Many people believe the government "cares" about them; that the government would never do anything to harm them. Government, any government, is there to justify its existence, and it can only justify its existence if it continues to grow in power and position in the name of "helping" the people. Thus we have such worn out clichés as "for the children ... for the elderly ... for the poor ... for the homeless." But, as stated before, if the government helps people to gain independence, then the government will defeat its ultimate goal of becoming larger and more powerful. So the government "helps" people by keeping them dependent on the government. This is like saying the way to help a junkie, a drug addict, is to provide to him more dope.

Our government was established as a "limited government" in which parents were responsible for the upbringing and education of their child(ren); in which society, in general, and churches were responsible for the poor, the indigent, the old, the infirm, the homeless. It was and is the responsibility of the people to keep the government within its established boundaries.

But that hasn't happened. Today, we have a burgeoning, inefficient bureaucracy with an added twist: tyranny in the name of protecting the system.

Who is responsible for all of this? While it would be nice to blame "those people over there," such is not the case. The blame lays with each and every American citizen who has failed to get involved, failed to maintain vigilance over the instruments of government established for all posterity by our Founding Fathers.

People are over taxed because they have allowed themselves to be; people are dependent because they have allowed themselves to be; people no longer have control over the upbringing and education of their child(ren) because they have allowed their responsibilities as parents to be taken from them.

We can blame whomever we wish to blame, but the fault, ultimately, lies with the people. None of this could have or would have happened had the people accepted the responsibility of vigilance placed upon them by the Founding Fathers as the price of their freedom.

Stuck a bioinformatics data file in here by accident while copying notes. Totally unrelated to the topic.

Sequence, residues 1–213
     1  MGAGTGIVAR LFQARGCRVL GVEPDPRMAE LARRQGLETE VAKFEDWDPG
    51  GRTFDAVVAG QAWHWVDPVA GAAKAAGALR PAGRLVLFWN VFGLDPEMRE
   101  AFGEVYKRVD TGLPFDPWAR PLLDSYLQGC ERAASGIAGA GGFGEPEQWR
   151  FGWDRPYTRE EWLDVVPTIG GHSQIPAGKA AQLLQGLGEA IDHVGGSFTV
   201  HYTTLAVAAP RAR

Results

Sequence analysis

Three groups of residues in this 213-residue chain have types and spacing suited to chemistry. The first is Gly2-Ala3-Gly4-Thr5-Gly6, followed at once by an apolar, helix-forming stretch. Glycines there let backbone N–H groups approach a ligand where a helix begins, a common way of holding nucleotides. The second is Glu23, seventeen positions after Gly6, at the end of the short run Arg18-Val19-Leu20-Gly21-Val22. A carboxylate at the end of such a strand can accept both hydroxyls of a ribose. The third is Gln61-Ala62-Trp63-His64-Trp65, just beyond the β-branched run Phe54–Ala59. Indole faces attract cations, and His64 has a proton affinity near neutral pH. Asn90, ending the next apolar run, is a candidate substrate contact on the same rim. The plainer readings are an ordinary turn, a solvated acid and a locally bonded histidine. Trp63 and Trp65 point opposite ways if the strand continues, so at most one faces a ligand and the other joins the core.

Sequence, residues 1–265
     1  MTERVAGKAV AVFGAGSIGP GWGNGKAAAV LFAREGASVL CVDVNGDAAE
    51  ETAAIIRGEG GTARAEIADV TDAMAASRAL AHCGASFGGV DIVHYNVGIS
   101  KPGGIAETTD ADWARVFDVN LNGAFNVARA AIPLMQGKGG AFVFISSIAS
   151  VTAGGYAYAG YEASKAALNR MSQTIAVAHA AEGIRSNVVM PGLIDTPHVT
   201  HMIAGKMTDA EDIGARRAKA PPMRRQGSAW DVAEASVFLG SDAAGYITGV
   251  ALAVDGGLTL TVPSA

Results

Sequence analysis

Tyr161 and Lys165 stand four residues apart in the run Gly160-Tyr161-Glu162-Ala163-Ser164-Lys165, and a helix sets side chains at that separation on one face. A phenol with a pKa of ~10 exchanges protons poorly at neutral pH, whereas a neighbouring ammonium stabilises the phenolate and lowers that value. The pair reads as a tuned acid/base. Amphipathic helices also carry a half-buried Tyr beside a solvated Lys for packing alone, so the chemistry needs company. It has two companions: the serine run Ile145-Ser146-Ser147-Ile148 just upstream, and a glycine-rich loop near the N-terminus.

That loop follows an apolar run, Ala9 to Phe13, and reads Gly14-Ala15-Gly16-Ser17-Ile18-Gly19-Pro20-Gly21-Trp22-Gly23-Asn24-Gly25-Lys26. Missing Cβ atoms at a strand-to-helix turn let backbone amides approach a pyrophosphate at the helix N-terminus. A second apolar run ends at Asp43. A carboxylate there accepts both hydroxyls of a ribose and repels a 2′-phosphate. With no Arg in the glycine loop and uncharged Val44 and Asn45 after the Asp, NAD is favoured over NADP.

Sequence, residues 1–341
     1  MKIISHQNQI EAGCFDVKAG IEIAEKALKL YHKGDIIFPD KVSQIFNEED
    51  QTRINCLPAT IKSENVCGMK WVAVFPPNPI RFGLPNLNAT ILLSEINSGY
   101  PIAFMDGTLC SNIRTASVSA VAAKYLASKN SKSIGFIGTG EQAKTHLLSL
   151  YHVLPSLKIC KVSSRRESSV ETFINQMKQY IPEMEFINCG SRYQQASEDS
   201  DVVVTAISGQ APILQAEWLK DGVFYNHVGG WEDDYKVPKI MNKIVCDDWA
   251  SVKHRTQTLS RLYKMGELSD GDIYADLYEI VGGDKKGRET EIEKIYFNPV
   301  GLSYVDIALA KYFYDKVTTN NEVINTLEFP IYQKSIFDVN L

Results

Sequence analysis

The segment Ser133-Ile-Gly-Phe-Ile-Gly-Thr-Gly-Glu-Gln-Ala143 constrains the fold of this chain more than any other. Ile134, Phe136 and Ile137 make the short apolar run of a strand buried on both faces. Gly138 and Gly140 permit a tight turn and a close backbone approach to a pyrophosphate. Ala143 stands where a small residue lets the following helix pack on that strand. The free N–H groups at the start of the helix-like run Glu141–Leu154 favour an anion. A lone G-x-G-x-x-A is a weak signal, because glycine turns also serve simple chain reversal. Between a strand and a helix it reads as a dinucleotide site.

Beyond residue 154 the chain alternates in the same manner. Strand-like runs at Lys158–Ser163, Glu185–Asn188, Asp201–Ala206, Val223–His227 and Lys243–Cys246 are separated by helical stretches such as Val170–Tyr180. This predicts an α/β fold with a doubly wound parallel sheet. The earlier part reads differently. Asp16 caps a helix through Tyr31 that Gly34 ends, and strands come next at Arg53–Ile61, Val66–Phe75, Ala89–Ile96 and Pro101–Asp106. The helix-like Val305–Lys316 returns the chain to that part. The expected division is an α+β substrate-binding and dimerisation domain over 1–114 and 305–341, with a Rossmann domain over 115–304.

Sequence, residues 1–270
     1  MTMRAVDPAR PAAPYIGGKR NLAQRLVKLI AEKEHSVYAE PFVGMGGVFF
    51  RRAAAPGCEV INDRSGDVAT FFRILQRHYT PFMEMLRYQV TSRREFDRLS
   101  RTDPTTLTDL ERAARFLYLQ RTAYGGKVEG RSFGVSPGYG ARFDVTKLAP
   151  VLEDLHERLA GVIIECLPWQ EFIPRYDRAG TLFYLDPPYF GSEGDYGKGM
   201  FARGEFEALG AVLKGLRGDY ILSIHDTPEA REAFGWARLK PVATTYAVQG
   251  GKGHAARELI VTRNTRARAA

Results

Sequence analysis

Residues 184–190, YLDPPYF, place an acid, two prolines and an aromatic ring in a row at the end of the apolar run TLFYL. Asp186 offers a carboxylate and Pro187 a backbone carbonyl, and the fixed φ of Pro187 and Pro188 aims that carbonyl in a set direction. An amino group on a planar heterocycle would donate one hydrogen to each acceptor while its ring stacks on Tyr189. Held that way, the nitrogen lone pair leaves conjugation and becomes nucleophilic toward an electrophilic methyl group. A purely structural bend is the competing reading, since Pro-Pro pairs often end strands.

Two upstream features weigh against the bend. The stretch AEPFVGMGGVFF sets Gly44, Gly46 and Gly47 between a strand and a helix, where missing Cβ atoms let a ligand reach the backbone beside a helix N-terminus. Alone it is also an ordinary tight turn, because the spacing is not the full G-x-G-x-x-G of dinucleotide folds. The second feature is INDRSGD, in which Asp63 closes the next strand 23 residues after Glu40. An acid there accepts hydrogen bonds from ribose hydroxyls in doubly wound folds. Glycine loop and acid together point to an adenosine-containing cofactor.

The way back is to take back the responsibility for one's own and dedicate self to overcoming the tyranny that always comes about as a result of a system seeking to ensure its continued growth and increased power. That requires that we, each and all, become educated in the concepts and principles of self-governance necessary as a condition of freedom.

"...We hold these truths to be self-evident, that all men are created equal, that they are endowed by their Creator with certain unalienable Rights, that among these are Life, Liberty and the pursuit of Happiness. That to secure these rights, Governments are instituted among Men, deriving their just powers from the consent of the governed. .." (Declaration of Independence, In Congress, July 4, 1776.)

"We, the People of the United States, in Order to form a more perfect Union, establish Justice, insure domestic Tranquility, provide for the common defense, promote the general Welfare, and secure the Blessings of Liberty to ourselves and our posterity do ordain and establish this Constitution for the United States of America." (Preamble, U.S. Constitution)

In short, we, the people, are responsible for the state of our nation, and it is we, the people, who must act if our nation is to be returned to the strong footing on which it was established. We will not do so by waiting for someone else to do it. We, each of us, must do it.

We can be party to the solution, or we can be part of the problem. If we choose to do nothing, we will get what we deserve.


© 2003 Lynn M. Stuter - All Rights Reserved



Mother and wife, Stuter has spent the past ten years researching systems theory with a particular emphasis on education.  She home schooled two daughters, now grown and on their own.  She has worked with legislators, both state and federal, on issues pertaining to systems governance and education reform.  She networks nation-wide with other researchers and citizens concerned with the transformation of our nation.  She has traveled the United States and lived overseas. Web site:   E-Mail: